Stefan-Ludwig Hoffmann. Geselligkeit und Demokratie: Vereine und zivile Gesellschaft im transnationalen Vergleich 1750-1914. Göttingen: Vandenhoeck & Ruprecht, 2003. 144 S. EUR 19.90 (broschiert), ISBN 978-3-525-36800-8.
Reviewed by Thomas Adam (University of Texas at Arlington)
Published on H-German (July, 2005)
Civil society, transnational history, and transfer history have become key concepts for European historians in the last two decades. Stefan-Ludwig Hoffmann's book on sociability and democracy is a valuable new addition to these trends. Although not grounded in archival research, this book offers an important summary of existing literature on the topic from different fields. Within a hundred pages, Hoffmann provides a brief survey of associational life in the United States, France, Germany, the Habsburg monarchy and Russia from 1750 to the outbreak of World War I. Following Philip Nord, Hoffmann structures his book around four phases in the emergence and growth of associations: the first chapter focuses on the emergence of associations during the Enlightenment (1750-1789); the second, on the "golden age" of associations in the VormÃ¤rz (1820-1848/49); the third, on the period of the 1860s to the 1870s when associations became part of the "national awakening" and underwent a democratization process; and the fourth, on the peak of associational life between the 1890s and 1914.
Throughout all four chapters, Hoffmann succeeds in offering a trans-European and even transatlantic overview of associations and associational life during the eighteenth and nineteenth centuries. By including the United States and Eastern Europe, Hoffmann is able to correct several misconceptions. In contrast to standard works on German history (such as Thomas Nipperdey and Hans-Ulrich Wehler), in which associations do not seem to have existed during the Wilhelmine era, Hoffmann is able to show that Germany, together with other countries, experienced a tremendous growth of associational life during this era. Hoffmann concludes that it would be wrong to speak of a decline of associational life in the second half of the nineteenth century. On the contrary, associations in North America and Europe multiplied up until World War I. Furthermore, the increase in associations and the expanding civil society represent an important characteristic of the transatlantic community that connected Europe and North America to a much higher degree than has been assumed. At the same time, associations played a part in the construction of national identities and communities. The Habsburg monarchy is a point in case since associations followed the ethnic/national lines between Czechs, Slovaks, Germans, Hungarians, and Slovenians. This "national" differentiation even survived transatlantic migrations. When about half a million Slovaks immigrated to the United States in the 1880s, they established a tightly knit network of ethnic associations that enhanced their national self-awareness and, as Hoffmann seems to imply, also supported re-migration to their "homeland." The inclusion of studies about Russia and the Austro-Hungarian Empire benefits his survey very much. With regards to civil society and associational life, Western European historians tended to see Eastern Europe as a wasteland. Using the studies of Adele Lindenmeyr, Hoffmann points out, that more than 2,200 charitable associations were founded in Russia after 1890. He further refers to the observation of the English traveler Edith Sellers, who stated in 1905 that she had never been in a country with so many private charitable associations.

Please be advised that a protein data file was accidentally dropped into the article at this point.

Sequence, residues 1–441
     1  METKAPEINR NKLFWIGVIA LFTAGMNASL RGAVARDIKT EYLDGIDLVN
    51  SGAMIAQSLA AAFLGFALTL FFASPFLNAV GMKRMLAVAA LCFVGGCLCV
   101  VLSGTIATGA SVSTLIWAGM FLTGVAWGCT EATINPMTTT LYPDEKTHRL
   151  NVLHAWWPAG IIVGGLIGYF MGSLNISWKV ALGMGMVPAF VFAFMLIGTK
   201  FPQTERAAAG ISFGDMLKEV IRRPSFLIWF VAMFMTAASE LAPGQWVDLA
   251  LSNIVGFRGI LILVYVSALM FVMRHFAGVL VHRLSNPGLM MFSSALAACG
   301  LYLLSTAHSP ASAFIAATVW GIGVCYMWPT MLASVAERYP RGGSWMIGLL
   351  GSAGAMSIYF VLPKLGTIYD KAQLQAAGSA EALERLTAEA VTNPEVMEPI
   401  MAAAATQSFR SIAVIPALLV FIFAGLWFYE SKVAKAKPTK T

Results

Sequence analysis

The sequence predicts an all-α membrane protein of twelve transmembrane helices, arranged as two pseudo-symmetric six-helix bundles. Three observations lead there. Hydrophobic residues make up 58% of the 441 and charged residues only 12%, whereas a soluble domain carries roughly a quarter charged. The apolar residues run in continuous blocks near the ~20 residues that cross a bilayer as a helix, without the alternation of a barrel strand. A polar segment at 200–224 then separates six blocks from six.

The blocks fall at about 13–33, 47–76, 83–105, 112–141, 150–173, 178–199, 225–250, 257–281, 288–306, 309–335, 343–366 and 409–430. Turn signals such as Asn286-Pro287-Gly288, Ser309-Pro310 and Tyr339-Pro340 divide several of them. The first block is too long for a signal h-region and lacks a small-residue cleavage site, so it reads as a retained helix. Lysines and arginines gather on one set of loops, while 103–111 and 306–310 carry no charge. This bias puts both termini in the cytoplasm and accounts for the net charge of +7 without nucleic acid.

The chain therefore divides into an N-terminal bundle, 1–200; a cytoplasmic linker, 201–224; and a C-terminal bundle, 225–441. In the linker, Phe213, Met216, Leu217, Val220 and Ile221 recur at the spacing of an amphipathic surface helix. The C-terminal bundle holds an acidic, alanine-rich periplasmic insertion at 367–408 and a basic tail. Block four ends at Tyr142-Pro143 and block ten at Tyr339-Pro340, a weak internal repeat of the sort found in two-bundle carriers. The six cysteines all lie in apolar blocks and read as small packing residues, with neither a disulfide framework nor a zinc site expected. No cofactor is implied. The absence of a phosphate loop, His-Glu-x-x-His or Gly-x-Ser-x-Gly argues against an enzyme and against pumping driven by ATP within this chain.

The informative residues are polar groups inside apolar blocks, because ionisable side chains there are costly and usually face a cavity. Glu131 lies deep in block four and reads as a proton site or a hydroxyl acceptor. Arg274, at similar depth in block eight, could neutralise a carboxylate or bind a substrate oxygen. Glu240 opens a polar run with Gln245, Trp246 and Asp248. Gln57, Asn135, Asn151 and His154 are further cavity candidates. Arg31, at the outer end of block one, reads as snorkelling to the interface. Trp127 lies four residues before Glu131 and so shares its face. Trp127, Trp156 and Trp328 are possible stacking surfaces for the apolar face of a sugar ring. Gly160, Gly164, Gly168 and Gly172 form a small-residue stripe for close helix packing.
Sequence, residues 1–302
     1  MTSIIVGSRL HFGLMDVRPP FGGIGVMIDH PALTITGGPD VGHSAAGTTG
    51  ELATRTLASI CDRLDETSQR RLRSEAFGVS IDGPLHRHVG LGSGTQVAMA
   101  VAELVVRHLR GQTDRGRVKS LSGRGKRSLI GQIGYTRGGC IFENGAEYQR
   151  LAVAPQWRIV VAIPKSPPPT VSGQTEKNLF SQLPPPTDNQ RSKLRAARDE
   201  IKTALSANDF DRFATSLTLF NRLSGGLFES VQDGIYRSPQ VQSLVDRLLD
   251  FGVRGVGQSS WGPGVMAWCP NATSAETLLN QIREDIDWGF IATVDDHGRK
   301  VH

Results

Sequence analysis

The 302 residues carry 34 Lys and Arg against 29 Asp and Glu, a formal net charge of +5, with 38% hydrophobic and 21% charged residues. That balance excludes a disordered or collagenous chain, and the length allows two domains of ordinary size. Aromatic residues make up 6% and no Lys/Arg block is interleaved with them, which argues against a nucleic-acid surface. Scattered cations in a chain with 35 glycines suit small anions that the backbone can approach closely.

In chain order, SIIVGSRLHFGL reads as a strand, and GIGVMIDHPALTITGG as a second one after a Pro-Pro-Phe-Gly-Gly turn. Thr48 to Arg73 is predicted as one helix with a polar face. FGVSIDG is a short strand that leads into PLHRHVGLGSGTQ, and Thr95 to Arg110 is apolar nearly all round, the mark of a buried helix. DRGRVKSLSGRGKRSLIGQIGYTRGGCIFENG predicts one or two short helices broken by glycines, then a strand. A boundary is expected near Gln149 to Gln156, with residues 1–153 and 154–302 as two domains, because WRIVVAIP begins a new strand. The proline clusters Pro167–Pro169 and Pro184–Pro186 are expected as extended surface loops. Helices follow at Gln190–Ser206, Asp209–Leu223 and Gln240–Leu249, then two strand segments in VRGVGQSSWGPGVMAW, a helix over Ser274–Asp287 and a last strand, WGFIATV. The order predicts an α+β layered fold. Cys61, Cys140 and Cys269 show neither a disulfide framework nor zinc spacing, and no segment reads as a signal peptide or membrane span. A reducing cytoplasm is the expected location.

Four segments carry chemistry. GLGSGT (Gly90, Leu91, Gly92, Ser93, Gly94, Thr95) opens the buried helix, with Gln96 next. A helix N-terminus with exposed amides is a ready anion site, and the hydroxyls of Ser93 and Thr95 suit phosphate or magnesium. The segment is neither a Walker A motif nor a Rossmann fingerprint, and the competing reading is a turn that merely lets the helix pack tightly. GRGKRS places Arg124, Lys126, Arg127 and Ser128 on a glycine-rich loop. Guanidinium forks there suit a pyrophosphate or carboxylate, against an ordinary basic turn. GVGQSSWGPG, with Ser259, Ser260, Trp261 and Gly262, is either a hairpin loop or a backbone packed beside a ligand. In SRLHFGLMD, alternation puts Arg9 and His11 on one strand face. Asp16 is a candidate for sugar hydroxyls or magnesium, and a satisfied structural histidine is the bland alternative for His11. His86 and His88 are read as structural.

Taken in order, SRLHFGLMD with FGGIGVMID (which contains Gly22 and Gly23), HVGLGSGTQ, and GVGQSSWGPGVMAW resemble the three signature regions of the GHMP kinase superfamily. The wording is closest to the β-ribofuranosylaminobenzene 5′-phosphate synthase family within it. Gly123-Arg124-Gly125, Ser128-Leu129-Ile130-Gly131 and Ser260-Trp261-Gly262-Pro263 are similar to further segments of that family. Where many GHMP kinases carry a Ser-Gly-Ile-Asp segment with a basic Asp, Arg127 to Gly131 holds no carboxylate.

Although a little bit too heavily focused on the Freemasons, the book is a valuable overview of associational life in Europe and the United States. The exclusion of women from associational life, however, was not as complete as Hoffmann contends. They were not only limited to charitable associations but were involved (in large numbers) in museum and art associations. The absence of a thorough discussion of Arbeiterkulturvereine is somehow surprising. One could certainly argue that these associations were not the focus of this study, since Hoffmann claimed that he would focus only on the intellectual/moral associations and exclude all political/industrial associations. However, throughout the book, Hoffmann concedes that in the end all associations have had political meaning and influenced the political structure of their surrounding society.
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Thomas Adam. Review of Hoffmann, Stefan-Ludwig, Geselligkeit und Demokratie: Vereine und zivile Gesellschaft im transnationalen Vergleich 1750-1914.
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